MONTREAL — The thorny issue of immigration sparked the most animated exchanges during the Quebec leaders' debate Thursday, with the front-runner in the polls having to defend his position to expel immigrants who fail a French test after three years in the province.
Coalition Avenir Quebec Leader Francois Legault was hit from all sides for his controversial position, which he says is necessary to preserve Quebec's language and identity from waves of non-French-speaking immigrants.
Legault dismissed suggestions his policy would affect many people.
"Why should someone fail a French test if they can take French classes for free?" he said, referring to the province's subsidized language classes for newcomers.
While earlier segments in the debate saw Philippe Couillard have to defend his government's cuts to education and health care, the Liberal leader went on the attack on the politically charged immigration issue.
Couillard told Legault his "expulsion test" is making newcomers to the province "afraid of you."
"You scare people, Mr. Legault," the premier said. "You scare them. These families, these men, these women, these children who listen to you, you scare them."
Legault's response was blunt: "Quebecers are tired of you giving them lessons."
Parti Quebecois Leader Jean-Francois Lisee then had his turn to attack Legault on his position, accusing the Coalition leader of wanting to create thousands of "paperless" people threatened with expulsion from the province.
"We're not talking about expelling citizens," Legault said. "We're talking about expelling people who aren't citizens yet."
Couillard said he would maintain annual immigration levels at about 50,000 people, saying Quebec needs workers due to labour shortages across the province.
Legault wants to reduce immigration to the province by 20 per cent year, or by roughly 10,000 people, in order to better integrate them and to ensure there are enough services to help them learn to speak French.
While Lisee says "experts" should recommend how many immigrants can be properly integrated into Quebec society every year, he has said 50,000 is too high.
Manon Masse, one of Quebec solidaire's two co-spokespeople (the fourth-placed party in the legislature does not have leaders), said the current immigration levels are appropriate — but that the province needs more visible minorities in the public service.
"Integration starts with jobs," she said. "The issue of immigration is not about a number. We have a great country here, with great resources. We need to integrate immigrants better."
Earlier in the debate, Couillard was clearly the main target of the other three on stage, as he defended his government's cuts in the first years of the Liberal mandate in the Health and Education departments.
Couillard said the cuts led to several balanced budgets and surpluses that have allowed Quebec to responsibly invest in services and pay down debt.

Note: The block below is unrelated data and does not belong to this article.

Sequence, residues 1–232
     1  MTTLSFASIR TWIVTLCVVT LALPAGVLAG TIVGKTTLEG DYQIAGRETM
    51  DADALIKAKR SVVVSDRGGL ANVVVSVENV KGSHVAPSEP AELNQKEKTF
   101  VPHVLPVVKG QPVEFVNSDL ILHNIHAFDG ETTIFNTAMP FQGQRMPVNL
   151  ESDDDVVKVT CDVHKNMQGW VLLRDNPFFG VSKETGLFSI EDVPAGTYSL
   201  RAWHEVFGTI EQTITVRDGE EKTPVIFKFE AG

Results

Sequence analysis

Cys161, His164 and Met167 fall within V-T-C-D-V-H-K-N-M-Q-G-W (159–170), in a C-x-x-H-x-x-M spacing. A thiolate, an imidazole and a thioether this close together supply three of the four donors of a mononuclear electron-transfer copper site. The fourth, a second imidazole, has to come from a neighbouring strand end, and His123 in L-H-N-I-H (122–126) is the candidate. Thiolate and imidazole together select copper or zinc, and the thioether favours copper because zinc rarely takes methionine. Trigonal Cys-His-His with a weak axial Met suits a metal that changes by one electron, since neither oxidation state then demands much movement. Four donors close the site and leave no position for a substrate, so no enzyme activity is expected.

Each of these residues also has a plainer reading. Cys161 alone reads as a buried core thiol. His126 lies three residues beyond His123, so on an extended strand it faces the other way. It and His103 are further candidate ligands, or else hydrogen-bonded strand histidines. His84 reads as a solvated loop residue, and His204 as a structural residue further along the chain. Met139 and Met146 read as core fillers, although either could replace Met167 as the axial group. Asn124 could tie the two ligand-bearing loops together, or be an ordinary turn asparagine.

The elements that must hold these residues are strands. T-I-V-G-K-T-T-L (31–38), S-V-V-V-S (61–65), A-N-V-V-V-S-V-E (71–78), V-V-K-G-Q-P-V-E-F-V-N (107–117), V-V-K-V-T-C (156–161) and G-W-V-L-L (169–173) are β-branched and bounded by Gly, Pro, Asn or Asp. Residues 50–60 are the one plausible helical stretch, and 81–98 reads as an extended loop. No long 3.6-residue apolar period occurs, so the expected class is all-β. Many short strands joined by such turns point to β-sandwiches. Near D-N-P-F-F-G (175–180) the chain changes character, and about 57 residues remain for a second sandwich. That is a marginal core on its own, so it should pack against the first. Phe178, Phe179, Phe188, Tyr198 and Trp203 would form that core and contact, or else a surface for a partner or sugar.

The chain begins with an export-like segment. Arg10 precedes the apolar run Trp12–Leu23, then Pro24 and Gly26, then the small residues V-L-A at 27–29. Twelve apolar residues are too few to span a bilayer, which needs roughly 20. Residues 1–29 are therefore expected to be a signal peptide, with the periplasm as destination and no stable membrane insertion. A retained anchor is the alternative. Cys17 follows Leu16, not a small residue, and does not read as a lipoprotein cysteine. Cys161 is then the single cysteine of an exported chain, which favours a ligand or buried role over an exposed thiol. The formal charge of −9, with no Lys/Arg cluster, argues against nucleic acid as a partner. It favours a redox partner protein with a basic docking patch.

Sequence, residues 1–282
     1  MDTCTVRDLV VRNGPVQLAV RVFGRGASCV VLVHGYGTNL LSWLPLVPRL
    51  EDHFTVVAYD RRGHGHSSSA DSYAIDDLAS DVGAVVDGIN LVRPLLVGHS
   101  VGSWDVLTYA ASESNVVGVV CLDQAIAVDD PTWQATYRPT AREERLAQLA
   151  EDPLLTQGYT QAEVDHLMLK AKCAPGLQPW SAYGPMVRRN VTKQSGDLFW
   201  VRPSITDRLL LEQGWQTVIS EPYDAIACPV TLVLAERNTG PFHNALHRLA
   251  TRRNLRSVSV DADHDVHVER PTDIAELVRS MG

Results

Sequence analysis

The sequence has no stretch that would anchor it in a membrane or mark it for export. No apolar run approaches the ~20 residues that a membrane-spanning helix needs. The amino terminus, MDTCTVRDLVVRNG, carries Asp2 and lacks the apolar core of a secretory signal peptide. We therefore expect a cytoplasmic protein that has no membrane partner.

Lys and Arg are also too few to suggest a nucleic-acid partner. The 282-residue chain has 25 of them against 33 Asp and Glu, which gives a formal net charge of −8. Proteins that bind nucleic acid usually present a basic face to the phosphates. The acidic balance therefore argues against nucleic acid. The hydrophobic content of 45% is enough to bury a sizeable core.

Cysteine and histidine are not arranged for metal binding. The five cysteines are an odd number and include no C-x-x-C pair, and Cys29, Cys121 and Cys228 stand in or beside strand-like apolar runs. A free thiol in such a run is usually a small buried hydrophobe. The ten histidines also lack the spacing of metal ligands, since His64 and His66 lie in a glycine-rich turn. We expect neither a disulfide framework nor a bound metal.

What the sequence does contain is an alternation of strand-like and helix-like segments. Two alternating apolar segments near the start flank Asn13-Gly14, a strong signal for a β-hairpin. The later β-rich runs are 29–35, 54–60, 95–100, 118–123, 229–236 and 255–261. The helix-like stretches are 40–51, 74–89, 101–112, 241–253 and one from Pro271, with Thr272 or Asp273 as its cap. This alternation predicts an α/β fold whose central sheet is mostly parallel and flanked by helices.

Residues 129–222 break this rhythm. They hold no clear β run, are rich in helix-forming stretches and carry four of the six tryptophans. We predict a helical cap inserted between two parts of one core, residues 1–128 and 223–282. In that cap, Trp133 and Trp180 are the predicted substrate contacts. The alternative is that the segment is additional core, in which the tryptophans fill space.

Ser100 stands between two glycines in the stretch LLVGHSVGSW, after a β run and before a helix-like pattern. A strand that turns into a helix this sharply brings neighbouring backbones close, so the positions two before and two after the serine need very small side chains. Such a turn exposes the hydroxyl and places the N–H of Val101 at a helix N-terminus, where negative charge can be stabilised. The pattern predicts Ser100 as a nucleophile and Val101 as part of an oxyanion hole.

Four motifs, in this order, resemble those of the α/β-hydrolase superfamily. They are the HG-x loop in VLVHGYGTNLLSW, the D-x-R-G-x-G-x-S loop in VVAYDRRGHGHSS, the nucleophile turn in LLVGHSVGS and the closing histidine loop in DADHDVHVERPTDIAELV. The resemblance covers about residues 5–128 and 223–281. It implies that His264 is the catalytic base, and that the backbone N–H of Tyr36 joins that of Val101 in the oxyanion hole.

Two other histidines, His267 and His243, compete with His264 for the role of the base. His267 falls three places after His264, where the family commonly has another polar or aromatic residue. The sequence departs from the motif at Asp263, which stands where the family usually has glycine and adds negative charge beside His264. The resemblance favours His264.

Legault said he'll "never forgive" Couillard for reducing services to special-need kids, while Lisee insisted the Liberal cuts caused "human misery."
Despite the recent reinvestment in the health network, the Liberals' budgetary compressions between 2014 and 2016 led to cuts totalling almost $1 billion, according to IRIS, a left-leaning research institute.
The same institute said the Couillard government's so-called austerity initiatives resulted in cuts to school budgets totalling roughly $675 million — $337 million in the elementary and high school system alone.
However, the lean years allowed Quebec to post consecutive balanced budgets, increase its credit rating and pay down debt, which has decreased for three years in a row.
As of March 2018, the province's gross debt stood at $204.5 billion, representing 49.6 per cent of GDP, down from the peak of 54.3 per cent in 2014-15.
Couillard's opponents also reminded him of how nurses and orderlies are overworked and burned out, how elderly patients in long-term care facilities don't get enough baths and how medical specialists are overpaid, leaving less money for patient services.
The Liberal leader, who is seeking another term as premier in the Oct. 1 vote, said "there has been more money than ever for home care" since his government's election in 2014, and he promised to hire more nurses and orderlies to give better services for patients.
Lisee came out strong against Couillard, calling his record on health "shameful."
"You are right to be frightened because what we have seen over the last four years is simply shameful," Lisee told the first citizen to ask a question in the debate after she said she was scared of ending up in one of the long-term care centres.
Legault also hit Couillard hard on the topic.
"Our elderly have the right to be treated with more dignity, so we need more staff in these long-term care facilities and to have them renovated," he said.
Couillard countered by reminding the leaders that "everyone has compassion around here."
He said he had no choice but to make budget compressions because the previous PQ government left a multibillion-dollar deficit his government had to attack.
Masse, meanwhile, said her party is the only one "with the courage" to collect more money to pay for services.
Quebec solidaire is promising to find $13 billion more a year for the state, mostly from wealthier Quebecers and large companies.
There will be two other televised debates — one in English next Monday and another in French on Sept. 20.
One recent poll found that 44 per cent of respondents who had a preference said they could change their minds based on the performances in the debates.
Giuseppe Valiante, The Canadian Press